The premiere ended with Alice Smith covering Nina Simone’s “Sinnerman,” which you also produced. How did that come about?
Alice is a friend of mine, and Misha loves her. We used her in “Underground” too, so there’s an ongoing relationship with her. She’s amazing.
What did co-producing the first online orchestra for an entire series teach you about your own work ethic outside a traditional studio environment?
There were some hurdles in the beginning we had to address for sure. Luckily for me and Laura, we both self-engineer ourselves to record, which was something I had seen my friends like Jimmy Jam and Terry Lewis do over the years. I had been pretty much a kept [musician], I’d always have engineers at my beck and call. But a few years ago I said, “This can’t work, I have to engineer myself. I know I can do it.” I just wanted to keep that part of my vessel for my creativity.
So I gave it a shot two years ago and it worked out perfectly. I find myself even more productive, and can engineer on my own with some good help from my engineer Alex Chang. Every time I have a problem I have to call him in the middle of the night or in the middle of the day and troubleshoot. But I’m getting pretty good in troubleshooting too. It’s been really good for that learning curve.
This is your latest of many projects working with Laura on a score. What’s your collaborative process together like?
Laura is more of the string arranger. I call her the professor. She knows all the players and kept things moving even when we couldn’t be in the room together. And she’s always working. Who is it in sports who likes to have the ball, to take the shot? That’s Laura. Our dynamic is always trying to diversify the sound of strings in music and mix analog with instruments like bass guitars. We use a lot of different effects so you don’t hear a guitar. It’s really flipped out to sound like something else, like a string.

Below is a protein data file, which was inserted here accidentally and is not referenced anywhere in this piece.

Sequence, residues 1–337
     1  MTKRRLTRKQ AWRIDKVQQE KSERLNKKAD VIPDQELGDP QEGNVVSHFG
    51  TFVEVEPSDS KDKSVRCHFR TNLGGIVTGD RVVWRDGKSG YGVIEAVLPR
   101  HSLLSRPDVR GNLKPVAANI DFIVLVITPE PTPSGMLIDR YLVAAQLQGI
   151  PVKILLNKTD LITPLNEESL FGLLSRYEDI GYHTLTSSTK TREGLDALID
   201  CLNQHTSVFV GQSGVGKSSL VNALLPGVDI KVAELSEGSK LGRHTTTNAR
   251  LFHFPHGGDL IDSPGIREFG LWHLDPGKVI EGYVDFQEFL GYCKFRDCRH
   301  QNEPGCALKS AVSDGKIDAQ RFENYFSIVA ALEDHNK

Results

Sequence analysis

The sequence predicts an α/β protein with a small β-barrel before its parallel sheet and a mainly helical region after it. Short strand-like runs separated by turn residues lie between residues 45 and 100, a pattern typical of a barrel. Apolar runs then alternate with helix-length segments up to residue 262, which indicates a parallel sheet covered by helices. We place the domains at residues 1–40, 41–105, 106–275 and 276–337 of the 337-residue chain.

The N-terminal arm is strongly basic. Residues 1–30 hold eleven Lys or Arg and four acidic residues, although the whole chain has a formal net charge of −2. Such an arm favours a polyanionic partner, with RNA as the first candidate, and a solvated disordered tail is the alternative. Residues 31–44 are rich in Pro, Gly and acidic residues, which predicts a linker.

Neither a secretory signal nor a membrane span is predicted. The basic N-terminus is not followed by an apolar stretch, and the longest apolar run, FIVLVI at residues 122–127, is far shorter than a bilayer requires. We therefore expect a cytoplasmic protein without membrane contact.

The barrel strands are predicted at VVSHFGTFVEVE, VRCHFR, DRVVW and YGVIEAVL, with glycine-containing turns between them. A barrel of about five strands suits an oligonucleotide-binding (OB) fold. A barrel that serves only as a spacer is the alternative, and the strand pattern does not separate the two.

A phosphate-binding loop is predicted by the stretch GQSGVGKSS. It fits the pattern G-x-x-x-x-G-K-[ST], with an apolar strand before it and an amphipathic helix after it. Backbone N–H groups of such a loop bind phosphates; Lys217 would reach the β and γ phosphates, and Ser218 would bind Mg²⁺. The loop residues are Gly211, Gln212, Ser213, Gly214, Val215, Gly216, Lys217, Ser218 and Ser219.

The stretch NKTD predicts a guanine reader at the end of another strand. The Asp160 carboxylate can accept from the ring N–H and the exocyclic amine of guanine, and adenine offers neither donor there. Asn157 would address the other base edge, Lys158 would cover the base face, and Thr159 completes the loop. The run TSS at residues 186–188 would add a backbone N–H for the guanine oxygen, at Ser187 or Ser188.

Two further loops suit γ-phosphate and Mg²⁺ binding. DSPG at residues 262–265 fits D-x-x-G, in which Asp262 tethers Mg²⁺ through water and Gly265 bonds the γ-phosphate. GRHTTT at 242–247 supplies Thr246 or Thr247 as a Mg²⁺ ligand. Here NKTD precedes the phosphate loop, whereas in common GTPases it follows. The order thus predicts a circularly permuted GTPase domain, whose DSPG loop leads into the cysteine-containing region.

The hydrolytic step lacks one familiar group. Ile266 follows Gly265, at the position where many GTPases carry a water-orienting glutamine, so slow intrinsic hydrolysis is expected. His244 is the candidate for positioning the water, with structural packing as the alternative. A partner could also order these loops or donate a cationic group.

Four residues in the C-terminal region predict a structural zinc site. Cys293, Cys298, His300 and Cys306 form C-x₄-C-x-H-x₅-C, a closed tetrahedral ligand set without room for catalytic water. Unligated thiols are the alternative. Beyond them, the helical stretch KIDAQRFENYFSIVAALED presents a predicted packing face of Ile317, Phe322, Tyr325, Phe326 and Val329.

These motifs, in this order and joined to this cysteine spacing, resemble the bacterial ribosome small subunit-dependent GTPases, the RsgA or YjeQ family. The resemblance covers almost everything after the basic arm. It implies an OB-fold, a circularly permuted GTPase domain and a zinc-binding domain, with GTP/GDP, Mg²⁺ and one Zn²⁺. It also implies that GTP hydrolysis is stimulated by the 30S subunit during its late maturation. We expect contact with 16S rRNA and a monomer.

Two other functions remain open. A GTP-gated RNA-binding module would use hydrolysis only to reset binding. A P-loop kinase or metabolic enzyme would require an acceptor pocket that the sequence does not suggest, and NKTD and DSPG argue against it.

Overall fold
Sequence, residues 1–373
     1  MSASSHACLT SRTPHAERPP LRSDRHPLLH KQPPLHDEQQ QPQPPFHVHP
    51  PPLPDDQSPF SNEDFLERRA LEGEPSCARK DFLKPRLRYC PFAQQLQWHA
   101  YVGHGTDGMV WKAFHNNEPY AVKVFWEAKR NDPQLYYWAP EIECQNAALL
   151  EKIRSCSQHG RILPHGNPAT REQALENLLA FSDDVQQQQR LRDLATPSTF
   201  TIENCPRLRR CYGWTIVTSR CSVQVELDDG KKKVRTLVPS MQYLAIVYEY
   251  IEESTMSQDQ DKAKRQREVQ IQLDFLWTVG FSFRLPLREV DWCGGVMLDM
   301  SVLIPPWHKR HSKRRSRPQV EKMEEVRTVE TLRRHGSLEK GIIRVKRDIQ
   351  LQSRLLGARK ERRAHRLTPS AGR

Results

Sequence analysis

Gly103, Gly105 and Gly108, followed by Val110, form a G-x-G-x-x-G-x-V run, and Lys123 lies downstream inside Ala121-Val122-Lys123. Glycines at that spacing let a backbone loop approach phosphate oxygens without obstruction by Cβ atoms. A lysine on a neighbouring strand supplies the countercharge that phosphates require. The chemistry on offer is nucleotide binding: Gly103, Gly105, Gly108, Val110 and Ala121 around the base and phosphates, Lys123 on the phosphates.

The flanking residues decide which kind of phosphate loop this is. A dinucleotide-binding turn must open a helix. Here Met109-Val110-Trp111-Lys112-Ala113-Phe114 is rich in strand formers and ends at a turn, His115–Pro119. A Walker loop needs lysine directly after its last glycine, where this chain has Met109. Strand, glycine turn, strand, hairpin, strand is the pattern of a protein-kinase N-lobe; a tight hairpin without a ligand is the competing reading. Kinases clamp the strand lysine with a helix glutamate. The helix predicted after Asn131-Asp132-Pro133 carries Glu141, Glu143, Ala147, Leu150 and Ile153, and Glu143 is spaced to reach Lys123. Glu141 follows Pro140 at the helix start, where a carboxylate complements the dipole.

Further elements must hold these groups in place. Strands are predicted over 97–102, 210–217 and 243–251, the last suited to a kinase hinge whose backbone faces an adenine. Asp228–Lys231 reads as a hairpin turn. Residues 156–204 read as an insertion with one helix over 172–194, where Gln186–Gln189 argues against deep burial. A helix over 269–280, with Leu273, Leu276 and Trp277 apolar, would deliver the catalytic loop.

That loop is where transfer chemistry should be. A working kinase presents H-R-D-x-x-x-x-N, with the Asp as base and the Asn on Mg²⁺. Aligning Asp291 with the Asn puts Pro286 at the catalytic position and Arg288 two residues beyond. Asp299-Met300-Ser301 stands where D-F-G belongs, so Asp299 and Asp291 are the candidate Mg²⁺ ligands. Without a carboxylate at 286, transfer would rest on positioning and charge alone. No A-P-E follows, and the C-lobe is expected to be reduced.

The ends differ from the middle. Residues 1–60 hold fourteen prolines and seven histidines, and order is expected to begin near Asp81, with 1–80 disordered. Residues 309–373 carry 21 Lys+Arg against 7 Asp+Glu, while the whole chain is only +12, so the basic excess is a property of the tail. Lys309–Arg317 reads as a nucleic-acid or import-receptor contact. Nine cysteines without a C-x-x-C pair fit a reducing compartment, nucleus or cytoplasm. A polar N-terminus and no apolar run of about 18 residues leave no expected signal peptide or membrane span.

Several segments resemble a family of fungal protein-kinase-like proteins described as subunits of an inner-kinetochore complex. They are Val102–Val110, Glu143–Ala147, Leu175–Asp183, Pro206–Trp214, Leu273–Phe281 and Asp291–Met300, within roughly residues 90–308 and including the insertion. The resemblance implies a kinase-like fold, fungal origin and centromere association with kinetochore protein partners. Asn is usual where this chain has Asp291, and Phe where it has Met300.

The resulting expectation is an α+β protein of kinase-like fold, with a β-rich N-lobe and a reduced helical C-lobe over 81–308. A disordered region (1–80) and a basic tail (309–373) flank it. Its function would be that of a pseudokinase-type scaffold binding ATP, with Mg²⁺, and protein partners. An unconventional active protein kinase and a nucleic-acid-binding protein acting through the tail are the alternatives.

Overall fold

What was it like working on the music for “Genius: Aretha,” and what can we expect?
That was amazing, to be able to be in the middle of both those shows and recreate all those Atlantic and gospel records with all those great musicians. I know so much about her dad, C.L. Franklin, preaching from growing up in a house of Baptist music and Baptist church, so this was right up my alley. Cynthia Erivo really studied for it and made it easy for us.
And I understand you have another song that might find its way into a movie this year?
It’s still early, but there’s a song Andra Day and I are writing for the Billie Holiday movie that I think is gonna make it. It’ll be a little updated [from Billie Holiday’s music], but it’s gonna have that feel with a little more oomph to it, a little bit of soul to it, little bit of bopping going on. We’re right in the incubator phase of it.
If it doesn’t end up in the movie it’ll end up on my next album. That happened the last time I did a song for this movie and they didn’t come back for it. I put it on my album “The Way I See It”; it was called “Keep Marchin’.” It was for a football movie — I forget the name of it but it had a montage with an Elvis Presley song on it and they wanted something more soulful and Black. So I wrote “Keep Marchin’,” and they ended up going with something else. But that song was in like four Lebron commercials [for Samsung] and now it’s my most licensed song ever. So I love working on songs [for movies] — if they don’t make it, I’m sure I’ll use them.
Songs for Screens is a Variety column sponsored by Anzie Blue, a wellness company and café based in Nashville. It is written by Andrew Hampp, founder of music marketing consultancy 1803 LLC and former correspondent for Billboard. Each week, the column highlights noteworthy use of music in advertising and marketing campaigns, as well as film and TV. Follow Hampp on Twitter at @ahampp.